Hi, my name is Kaylee. Rosalina is my surname (sometimes that gets mixed up ;)). Nice that you are browsing my website. Since you’ve landed on this page, you’d like to know a little more about me. In brief:
– I love to learn and have made it my profession; i am an educationalist
– I think my analytical skills are my greatest superpower
– combining scientific insights and the specific practical focus is how I work
– most of the time you will find me working in my office at Strijp-S; the rest of the time I will be chilling with my dog or can be found on the dancefloor dancing salsa, bachata or kizomba
Oh, the irony. In high school, I wasn’t the best student. It was therefore a great surprise to many of my teachers when they heard when I graduated that I was going to study educational sciences. “Education, you? But, you don’t like school at all… ” Part of that statement was correct. I didn’t really like the way learning was designed at the time. And I was convinced that it could be done better.
See, what my teachers missed is that I did love the process of learning. For several years I had been teaching about 6 hours a week for different groups of different ages. It may seem that teaching people to dance is a profession in its own right, but the same principles lie beneath every form of learning. And I really wanted to learn more about those principles.
So in 2011 this brand new student started studying Educational Science at Utrecht University. There I laid a foundation for my career as an educationalist. My interests are broad and that is reflected in the courses I chose. I followed courses on: educational advice, coaching & training, educational design and development, assessment, entrepreneurship, educational philosophy, educational psychology and school organizations.
After a year I decided to immediately put that academic knowledge into practice; I started my adventure as an entrepreneur. Because a teacher asked me “why not now?”.
The next step was that I completed the Master Educational Sciences. During my master I brought a little more focus to my expertise; I focused more on the human side of learning. I took courses on learning in organizations, change interventions, cultural anthropology and philosophy of science. I wrote my master thesis on boundary crossing, entitled: Learning at the Boundary: Teacher professionalization in communities of practice.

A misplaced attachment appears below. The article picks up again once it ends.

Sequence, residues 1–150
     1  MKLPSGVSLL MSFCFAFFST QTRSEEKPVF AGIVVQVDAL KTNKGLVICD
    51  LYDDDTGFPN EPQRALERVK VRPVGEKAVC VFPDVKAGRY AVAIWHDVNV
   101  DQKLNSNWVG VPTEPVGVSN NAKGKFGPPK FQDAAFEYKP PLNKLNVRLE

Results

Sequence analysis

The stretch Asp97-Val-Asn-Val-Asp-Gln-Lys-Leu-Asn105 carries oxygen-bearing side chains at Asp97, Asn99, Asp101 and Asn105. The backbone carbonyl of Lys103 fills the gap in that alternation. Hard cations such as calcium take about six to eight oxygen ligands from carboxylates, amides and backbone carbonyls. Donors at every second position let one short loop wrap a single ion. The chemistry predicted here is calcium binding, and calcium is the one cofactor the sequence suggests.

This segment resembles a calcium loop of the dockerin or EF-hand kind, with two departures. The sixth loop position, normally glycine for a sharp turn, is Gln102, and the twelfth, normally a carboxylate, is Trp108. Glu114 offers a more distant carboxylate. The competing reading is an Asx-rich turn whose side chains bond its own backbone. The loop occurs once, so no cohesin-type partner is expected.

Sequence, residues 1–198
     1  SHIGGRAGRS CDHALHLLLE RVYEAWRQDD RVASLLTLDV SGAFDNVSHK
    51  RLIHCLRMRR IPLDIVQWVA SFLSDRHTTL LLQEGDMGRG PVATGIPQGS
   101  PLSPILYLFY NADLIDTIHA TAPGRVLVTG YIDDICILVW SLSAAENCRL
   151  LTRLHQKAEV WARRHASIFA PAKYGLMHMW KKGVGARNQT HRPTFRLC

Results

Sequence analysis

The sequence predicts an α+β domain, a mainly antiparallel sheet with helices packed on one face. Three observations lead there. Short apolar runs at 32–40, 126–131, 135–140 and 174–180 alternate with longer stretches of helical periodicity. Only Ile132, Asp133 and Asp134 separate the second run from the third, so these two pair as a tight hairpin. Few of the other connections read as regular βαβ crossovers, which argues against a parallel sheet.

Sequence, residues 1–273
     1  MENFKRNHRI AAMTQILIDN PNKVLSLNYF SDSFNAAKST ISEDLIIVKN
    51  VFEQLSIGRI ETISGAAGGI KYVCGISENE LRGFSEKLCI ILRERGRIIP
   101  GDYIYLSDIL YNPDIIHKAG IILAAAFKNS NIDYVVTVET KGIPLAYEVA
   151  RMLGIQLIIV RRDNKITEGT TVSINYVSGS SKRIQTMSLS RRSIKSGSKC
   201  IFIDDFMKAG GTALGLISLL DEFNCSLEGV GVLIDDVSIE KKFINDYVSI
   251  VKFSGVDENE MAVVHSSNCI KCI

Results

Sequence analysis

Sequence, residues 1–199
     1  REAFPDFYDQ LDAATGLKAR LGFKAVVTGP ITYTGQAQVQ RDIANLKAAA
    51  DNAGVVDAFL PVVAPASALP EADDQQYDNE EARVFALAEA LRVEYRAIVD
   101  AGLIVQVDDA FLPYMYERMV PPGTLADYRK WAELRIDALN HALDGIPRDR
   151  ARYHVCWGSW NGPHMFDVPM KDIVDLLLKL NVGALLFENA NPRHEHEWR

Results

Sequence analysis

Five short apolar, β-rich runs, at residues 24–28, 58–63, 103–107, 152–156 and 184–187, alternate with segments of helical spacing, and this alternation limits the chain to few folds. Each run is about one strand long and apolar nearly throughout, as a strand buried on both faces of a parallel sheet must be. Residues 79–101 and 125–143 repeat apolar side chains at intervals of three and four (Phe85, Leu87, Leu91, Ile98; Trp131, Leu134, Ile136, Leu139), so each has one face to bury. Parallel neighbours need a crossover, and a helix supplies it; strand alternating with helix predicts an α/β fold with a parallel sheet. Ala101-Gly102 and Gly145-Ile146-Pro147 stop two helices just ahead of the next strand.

During my academic career I did several freelance assignments. Especially my assignment at the Dutch School has stayed with me. There we created a post-initial school for pioneering secondary school teachers. And yes, without a physical school building. There was nothing there yet, so we developed everything from scratch. I quickly learned the importance of a network, dealing with high pressure and the added value of high diversity in perspectives within a team. I developed the program together with my colleagues and I supervised the teachers.
When it came time to enter the labor market “for the real” (read: 100%), I decided to opt for a combination of entrepreneurship and salaried employment. I spent half of my time on freelance assignments, the rest of the time I was a policy advisor at the creative vocational school SintLucas. I learned tons of new skills there:
– I developed into a project leader of a ten-person team;
– I learned the art of facilitation;
– I mastered the intricacies of consultancy (which I am still constantly developing);
– I focused on trend watching;
– and I worked in the Knowledge Pact on the collaboration between ROCs and MBOs in Brabant in the field of educational innovation.
Since the summer of 2020 I decided to completely focus on my own company. I know, peculiar time to do so. During a worldwide pandemic and a pending economic crisis. But when it’s time, its time. And it was time.
People are capable of creating beautiful things. And everyone can contribute to society in his or her own way, in his or her own expertise. However, what we have in common is that time is incredibly valuable. Your time is limited and you can never get it back.
We must therefore use that time as effectively as possible. And when it comes to learning, that does not always happen. That is why I use my knowledge and skills to improve learning in all kinds of different settings. It is important that I use both my scientific background and my experiences in practice. I use my “hard” educational designer skills as well as my people-oriented attitude. With a focus on inclusion.